Bacteriophage treatment decontaminates infant formula
6 November 2015 • Author(s): Victoria White
A bacteriophage treatment has shown strong anti-microbial activity against a type of foodborne bacterium that often kills infants after infecting them via infant formula.
Phages are viruses that infect only bacteria.
In the study, the phage, called “CR5,” showed high antimicrobial activity against the bacterium, Cronobacter sakazakii, as well as against several other species of Cronobacter, which can also cause dangerous illness, said Sangryeol Ryu, professor in the Department of Agricultural Biotechnology, Research Institute of Agriculture and Life Sciences, Seoul National University, Korea.
The research was conducted using infant formula that had been contaminated with C. sakazakii. “Interestingly, CR5 killed C. sakazakii quickly, and no C. sakazakii was detected in the infant formula after 10 hours had passed,” said Ryu.
Ryu said that the phage is safe for humans, noting that his analysis of its genome revealed neither toxin gene nor virulence factor. In 2006, the US Food and Drug Administration approved the use of bacteriophages as biocontrol agents in foods. But the agency does not allow the use of antibiotics in infant formula.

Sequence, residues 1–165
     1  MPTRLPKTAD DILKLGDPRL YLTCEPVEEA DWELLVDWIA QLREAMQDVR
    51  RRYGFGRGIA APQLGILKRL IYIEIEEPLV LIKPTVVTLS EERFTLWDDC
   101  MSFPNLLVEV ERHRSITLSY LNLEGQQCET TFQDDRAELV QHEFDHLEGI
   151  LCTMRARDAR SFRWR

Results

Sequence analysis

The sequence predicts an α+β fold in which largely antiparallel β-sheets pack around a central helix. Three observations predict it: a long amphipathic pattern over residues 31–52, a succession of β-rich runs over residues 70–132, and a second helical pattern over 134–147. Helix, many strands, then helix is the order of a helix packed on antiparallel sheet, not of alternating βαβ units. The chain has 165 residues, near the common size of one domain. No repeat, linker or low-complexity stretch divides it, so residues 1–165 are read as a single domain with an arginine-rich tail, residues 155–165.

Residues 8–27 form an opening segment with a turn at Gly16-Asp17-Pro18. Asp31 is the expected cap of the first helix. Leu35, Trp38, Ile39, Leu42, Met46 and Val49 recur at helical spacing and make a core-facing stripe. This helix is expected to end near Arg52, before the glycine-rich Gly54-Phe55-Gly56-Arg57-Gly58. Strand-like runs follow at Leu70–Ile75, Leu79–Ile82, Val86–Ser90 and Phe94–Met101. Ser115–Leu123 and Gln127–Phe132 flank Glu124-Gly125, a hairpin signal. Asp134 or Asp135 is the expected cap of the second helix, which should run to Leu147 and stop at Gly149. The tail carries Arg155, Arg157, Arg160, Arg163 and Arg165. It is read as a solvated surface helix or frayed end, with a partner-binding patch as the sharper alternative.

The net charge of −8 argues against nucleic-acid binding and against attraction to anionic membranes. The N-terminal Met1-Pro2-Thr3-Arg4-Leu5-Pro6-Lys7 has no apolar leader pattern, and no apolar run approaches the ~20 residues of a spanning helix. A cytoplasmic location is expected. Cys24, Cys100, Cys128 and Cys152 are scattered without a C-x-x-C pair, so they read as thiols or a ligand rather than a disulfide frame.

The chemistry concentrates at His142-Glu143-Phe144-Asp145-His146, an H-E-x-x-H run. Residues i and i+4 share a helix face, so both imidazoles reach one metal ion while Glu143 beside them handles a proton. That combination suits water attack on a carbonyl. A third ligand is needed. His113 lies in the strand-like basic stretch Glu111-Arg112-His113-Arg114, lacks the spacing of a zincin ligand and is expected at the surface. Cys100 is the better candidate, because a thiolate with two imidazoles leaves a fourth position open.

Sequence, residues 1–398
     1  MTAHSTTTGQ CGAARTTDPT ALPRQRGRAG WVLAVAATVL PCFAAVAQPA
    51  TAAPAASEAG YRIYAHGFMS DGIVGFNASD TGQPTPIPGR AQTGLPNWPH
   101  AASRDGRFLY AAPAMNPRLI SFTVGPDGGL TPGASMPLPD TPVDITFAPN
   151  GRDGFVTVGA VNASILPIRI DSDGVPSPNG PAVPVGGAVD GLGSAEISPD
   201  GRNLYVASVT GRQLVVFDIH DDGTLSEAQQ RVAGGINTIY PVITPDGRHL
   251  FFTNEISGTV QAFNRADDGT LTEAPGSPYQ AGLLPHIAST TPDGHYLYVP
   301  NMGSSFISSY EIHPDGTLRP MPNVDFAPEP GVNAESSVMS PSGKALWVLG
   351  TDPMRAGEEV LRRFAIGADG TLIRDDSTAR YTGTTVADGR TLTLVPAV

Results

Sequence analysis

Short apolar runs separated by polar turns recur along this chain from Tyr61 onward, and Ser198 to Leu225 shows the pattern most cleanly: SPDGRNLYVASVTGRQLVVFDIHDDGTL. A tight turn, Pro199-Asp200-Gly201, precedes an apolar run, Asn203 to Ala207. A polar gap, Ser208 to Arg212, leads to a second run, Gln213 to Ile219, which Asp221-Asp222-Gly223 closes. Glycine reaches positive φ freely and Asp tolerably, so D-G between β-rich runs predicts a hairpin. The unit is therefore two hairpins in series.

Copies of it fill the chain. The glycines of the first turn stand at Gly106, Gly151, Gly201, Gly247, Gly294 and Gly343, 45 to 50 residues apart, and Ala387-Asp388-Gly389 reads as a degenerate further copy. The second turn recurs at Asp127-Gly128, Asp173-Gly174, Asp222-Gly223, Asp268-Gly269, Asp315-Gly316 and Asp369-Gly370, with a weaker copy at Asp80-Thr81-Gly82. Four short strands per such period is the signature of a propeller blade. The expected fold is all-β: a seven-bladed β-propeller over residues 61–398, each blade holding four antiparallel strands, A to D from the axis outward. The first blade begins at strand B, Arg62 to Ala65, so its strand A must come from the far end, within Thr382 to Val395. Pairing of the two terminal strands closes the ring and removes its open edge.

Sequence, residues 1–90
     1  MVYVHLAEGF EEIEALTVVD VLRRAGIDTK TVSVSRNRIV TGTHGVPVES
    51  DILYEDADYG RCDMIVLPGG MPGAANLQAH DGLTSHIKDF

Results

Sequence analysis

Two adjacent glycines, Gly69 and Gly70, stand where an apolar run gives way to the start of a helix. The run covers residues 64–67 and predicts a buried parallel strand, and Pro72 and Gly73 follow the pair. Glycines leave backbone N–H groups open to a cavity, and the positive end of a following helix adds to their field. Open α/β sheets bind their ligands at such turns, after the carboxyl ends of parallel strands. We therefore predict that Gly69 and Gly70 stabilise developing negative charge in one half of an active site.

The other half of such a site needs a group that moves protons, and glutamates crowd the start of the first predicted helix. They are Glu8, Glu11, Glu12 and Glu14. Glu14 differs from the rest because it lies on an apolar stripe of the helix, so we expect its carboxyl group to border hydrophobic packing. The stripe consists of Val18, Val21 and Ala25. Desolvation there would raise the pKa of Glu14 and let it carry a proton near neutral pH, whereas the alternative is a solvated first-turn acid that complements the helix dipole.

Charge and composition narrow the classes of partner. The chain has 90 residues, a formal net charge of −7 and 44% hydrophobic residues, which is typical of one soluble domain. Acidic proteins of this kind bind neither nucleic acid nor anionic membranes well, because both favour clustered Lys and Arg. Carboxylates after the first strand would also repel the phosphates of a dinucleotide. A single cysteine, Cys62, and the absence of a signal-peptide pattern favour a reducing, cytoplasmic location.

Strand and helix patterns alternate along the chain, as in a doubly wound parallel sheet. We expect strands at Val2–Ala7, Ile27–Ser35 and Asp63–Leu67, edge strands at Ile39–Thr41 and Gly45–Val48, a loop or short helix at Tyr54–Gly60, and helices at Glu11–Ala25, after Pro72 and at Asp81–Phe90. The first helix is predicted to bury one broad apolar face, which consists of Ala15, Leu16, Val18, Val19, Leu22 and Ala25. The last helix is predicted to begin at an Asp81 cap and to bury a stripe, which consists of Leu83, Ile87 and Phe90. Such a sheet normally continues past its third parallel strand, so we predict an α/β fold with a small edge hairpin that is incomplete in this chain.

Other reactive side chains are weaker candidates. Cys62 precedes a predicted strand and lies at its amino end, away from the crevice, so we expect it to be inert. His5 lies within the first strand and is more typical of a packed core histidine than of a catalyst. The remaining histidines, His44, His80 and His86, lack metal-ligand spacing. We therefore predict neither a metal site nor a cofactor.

Other foodborne pathogens could be controlled by phages
Bacteriophages are abundant in the environment, which means they are ecologically friendly, said Ryu. “They infect and kill only bacteria, which means they could be used as novel biocontrol agents and even as natural food preservatives,” he added, noting that other foodborne pathogens could also be controlled, by other types of phages.
Cronobacter, the target bacterial genus of the phage, CR5, is a family of closely related species that cause illness in people of all ages. These bacteria kill up to 40% of infected infants. Additionally, those that survive can face long-term neurological problems.
“C. sakazakii-contaminated infant formula has been considered an unsolved problem because antibiotics cannot be used,” said Ryu, adding that C. sakazakii has been known to have multiple antibiotic resistance genes. “In this study, we proved that C. sakazakii-phage CR5 is an efficient biocontrol agent in infant formula. Therefore, this bacteriophage treatment is a promising approach to solve this problem.”
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